The United States has won Friday an appeal to the Court of Appeal in London against a ruling last January that had denied the extradition of Wikileaks activist Julian Assange to that country because of the risk of suicide.
The judges of this court have concluded that the U.S. government has offered sufficient guarantees that Assange will receive adequate treatment to protect his mental health and ruled that he can be extradited.
A few days ago, the director of the WikiLeaks portal, Icelandic journalist Kristinn Hrafnsson, considered it “totally unacceptable” that the High Court in London could rule this week in favor of the United States in its appeal for Australian activist Julian Assange to be extradited. The Icelander made his point of view and under the argument that there is a “risk of suicide”.
The founder of WikiLeaks, whom the United States accuses of several espionage crimes and for whom it is asking 175 years in prison, accumulates several years in search by the American country.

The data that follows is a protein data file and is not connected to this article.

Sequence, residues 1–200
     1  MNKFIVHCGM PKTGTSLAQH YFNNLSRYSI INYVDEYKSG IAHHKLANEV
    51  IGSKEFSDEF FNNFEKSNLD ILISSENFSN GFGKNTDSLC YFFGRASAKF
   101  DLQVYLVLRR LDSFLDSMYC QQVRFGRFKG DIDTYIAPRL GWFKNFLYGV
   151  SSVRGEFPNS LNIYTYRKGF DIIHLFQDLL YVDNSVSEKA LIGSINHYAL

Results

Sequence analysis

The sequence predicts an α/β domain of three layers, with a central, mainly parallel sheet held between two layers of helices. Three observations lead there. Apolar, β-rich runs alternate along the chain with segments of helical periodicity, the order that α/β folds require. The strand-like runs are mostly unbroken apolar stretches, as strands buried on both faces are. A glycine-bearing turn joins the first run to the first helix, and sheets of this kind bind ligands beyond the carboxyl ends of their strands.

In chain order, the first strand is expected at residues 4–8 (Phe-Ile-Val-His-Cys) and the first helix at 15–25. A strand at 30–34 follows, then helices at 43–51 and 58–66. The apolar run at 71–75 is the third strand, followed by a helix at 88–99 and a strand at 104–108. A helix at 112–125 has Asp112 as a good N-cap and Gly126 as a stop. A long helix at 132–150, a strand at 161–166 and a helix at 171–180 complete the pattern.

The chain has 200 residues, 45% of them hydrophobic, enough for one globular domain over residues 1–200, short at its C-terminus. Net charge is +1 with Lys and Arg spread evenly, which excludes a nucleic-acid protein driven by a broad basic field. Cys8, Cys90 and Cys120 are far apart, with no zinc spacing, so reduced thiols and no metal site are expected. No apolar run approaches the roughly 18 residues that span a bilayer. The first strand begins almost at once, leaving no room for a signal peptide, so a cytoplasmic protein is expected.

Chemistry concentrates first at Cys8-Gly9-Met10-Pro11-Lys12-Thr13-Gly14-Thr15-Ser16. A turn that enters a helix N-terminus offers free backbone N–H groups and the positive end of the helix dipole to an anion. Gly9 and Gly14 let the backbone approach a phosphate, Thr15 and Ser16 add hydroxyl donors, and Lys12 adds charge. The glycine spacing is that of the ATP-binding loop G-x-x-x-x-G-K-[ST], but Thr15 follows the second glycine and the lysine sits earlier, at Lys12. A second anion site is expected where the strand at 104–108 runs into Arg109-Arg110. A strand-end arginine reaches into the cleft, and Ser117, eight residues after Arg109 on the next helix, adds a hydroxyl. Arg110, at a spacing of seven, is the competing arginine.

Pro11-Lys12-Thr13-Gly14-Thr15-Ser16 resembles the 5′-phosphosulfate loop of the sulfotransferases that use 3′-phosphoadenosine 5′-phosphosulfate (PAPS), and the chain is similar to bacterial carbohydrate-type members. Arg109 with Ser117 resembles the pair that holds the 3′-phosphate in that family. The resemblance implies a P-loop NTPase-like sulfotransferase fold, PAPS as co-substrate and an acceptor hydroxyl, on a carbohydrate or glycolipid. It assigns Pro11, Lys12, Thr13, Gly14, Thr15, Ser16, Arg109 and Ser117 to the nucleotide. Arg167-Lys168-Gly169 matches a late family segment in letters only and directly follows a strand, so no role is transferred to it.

An extradition order had been requested to the United Kingdom to try him in the United States, but at the beginning of the year the British judge in charge decided not to approve the request due to the risk to Assange’s health.
His wife, whom he married while in prison, has been among the first to comment on the ruling by which the British Justice will allow the extradition. She has called it a “grave miscarriage of justice” and asked on Twitter: “How can it be fair, how can it be right, how can it be possible, to extradite Julian to the same country that conspired to kill him?”.
The United States did not take kindly to the leaks and documents Assange published through WikiLeaks in 2010. They made it possible to demonstrate a variety of war crimes carried out by the U.S. military. Torture or murder of civilians and journalists are some of them. Thus, the U.S. has been trying for more than 10 years to get him to step on its soil in order to try him and, almost certainly, convict him.
For its part, also in 2010, Sweden requested his extradition, as Assange was accused of rape and sexual abuse. The WikiLeaks co-founder denied the facts and declared that it was just a maneuver to be tried in the U.S., so he decided to seek asylum in Ecuador and took refuge in its embassy in London since 2012. Finally, Sweden closed the case in 2019.